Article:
By Brad Friedman on 1/12/2015, 3:00pm PT  

Certain to not get nearly the amount of attention as those hoping to attack the Islamic religion based on the behavior of its extremists, this story from AP, in the wake of last week's tragedies in Paris...

In the days after the bloody end of twin French hostage crises Friday, stories of life-saving courage are beginning to filter out. One of the most striking is the story of Lassana Bathily, a young [Muslim] immigrant from Mali who literally provided police with the key to ending the hostage crisis at the supermarket.

Bathily was in the store's underground stockroom when gunman Amedy Coulibaly burst in upstairs, according to accounts given to French media and to a friend of Bathily's who spoke to The Associated Press. Bathily turned off the stockroom's freezer and hid a group of frightened shoppers inside before sneaking out through a fire escape to speak to police. Initially confused for the attacker, he was forced to the ground and handcuffed.

Once police realized their mistake, he provided them with the key they needed to open the supermarket's metal blinds and mount their assault.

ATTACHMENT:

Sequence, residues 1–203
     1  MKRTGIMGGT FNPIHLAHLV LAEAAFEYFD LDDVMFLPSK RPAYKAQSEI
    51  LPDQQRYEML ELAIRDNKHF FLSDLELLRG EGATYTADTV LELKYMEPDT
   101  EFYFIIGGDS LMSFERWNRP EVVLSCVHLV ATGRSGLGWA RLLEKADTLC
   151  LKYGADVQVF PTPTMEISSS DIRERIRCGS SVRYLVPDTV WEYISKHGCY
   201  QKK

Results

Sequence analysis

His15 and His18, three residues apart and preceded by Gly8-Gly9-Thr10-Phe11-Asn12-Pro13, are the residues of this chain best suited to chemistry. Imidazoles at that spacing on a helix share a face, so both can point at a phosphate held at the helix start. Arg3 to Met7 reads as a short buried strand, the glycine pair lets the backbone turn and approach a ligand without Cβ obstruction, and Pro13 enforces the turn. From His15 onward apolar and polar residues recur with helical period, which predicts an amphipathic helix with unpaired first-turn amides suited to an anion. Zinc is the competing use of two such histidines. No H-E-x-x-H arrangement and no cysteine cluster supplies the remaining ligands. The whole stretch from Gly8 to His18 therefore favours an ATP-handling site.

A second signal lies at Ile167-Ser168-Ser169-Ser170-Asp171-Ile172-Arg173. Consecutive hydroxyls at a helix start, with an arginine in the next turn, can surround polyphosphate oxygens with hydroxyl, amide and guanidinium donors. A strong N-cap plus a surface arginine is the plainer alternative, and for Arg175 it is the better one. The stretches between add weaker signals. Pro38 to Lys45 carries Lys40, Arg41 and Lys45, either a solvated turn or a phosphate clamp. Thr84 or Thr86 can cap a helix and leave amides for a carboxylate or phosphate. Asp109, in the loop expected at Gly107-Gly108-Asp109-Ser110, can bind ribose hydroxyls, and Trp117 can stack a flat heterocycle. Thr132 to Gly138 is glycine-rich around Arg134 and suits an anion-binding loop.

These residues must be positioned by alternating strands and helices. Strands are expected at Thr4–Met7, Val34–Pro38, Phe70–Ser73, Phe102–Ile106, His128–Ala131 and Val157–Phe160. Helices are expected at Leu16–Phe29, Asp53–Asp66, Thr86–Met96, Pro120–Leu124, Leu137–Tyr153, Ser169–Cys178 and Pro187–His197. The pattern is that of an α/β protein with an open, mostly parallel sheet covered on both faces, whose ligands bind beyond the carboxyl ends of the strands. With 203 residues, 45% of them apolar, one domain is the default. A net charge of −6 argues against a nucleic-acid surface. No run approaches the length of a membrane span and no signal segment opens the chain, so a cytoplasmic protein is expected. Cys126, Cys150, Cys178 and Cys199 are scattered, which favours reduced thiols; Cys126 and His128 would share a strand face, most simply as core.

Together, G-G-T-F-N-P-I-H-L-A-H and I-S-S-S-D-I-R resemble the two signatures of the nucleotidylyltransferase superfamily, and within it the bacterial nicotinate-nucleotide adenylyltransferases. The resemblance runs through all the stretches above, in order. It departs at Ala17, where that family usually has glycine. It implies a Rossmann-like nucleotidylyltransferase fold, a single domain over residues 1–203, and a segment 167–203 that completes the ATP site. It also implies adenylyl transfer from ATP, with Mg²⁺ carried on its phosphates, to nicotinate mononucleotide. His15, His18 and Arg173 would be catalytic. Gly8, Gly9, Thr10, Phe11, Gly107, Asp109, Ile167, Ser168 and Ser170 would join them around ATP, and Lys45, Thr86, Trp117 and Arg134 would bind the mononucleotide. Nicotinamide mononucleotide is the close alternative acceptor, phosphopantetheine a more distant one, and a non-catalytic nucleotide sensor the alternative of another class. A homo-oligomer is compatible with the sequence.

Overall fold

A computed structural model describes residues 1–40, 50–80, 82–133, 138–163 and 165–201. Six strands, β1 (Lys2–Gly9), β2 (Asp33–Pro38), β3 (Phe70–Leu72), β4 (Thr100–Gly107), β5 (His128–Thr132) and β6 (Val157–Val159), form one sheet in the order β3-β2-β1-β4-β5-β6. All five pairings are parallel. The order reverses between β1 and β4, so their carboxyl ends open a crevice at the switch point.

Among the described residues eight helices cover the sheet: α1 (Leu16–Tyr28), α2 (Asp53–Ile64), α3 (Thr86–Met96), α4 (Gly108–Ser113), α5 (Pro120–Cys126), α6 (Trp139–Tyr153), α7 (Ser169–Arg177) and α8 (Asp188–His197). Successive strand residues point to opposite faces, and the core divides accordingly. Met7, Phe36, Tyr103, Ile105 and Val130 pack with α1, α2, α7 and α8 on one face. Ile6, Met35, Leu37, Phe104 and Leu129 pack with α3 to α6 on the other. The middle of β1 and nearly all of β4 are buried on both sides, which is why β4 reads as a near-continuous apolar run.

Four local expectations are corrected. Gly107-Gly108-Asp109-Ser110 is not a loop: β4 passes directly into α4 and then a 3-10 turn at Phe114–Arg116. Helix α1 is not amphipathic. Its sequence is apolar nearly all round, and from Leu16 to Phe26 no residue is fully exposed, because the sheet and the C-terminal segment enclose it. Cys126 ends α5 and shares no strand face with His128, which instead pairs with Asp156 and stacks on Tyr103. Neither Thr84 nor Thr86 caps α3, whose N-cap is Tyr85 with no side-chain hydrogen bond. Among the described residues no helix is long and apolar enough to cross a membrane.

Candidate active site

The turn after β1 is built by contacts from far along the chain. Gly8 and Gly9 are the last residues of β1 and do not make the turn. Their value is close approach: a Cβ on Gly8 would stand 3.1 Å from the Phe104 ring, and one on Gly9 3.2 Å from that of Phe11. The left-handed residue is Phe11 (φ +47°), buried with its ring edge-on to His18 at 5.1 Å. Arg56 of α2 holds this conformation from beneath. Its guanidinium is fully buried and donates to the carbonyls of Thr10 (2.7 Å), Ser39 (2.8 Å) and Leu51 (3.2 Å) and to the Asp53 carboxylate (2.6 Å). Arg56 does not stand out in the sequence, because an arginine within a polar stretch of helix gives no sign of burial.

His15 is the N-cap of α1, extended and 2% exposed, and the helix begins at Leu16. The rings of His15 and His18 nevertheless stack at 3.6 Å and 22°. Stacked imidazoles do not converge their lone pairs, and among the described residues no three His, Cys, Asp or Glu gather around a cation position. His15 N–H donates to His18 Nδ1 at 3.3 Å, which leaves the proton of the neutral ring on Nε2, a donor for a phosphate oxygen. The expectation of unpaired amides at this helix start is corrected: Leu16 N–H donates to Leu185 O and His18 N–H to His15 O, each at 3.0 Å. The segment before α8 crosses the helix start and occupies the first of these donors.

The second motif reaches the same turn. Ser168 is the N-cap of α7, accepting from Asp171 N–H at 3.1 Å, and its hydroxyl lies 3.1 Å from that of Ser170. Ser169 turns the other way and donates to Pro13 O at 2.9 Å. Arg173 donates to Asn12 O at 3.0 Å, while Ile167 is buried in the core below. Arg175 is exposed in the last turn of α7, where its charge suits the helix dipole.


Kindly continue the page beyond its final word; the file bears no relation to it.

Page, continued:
"The guy was so courageous," said Mohammed Amine, a 33-year-old friend and former coworker of Bathily's who spoke to him about the assault on Saturday.

Washington Post's account of the story explains that, after he slipped out, "Bathily spent the next 90 minutes in cuffs before he managed to convince authorities he was who he said he was. He told the cops he wasn't alone. There were more than a dozen other hostages locked inside the store's freezer."

Apparently Bathily's quick thinking and acts of courage at the kosher supermarket where he worked saved the lives of at least seven Jews at the store, according to Israeli Prime Minister Benjamin Netanhayu who cited him over the weekend.

One who didn't make it, who was killed when Coulibaly entered the market, was 22-year old Yohan Cohen, who Bathily's friend Amine described to AP as "someone amazing, friendly, who likes (and) who respects people."

"I'm Muslim and he's Jewish," said Amine, an immigrant from Morocco. "But there's such respect between us. We're like brothers. They took my best friend."

Seems like that's all worth mentioning here.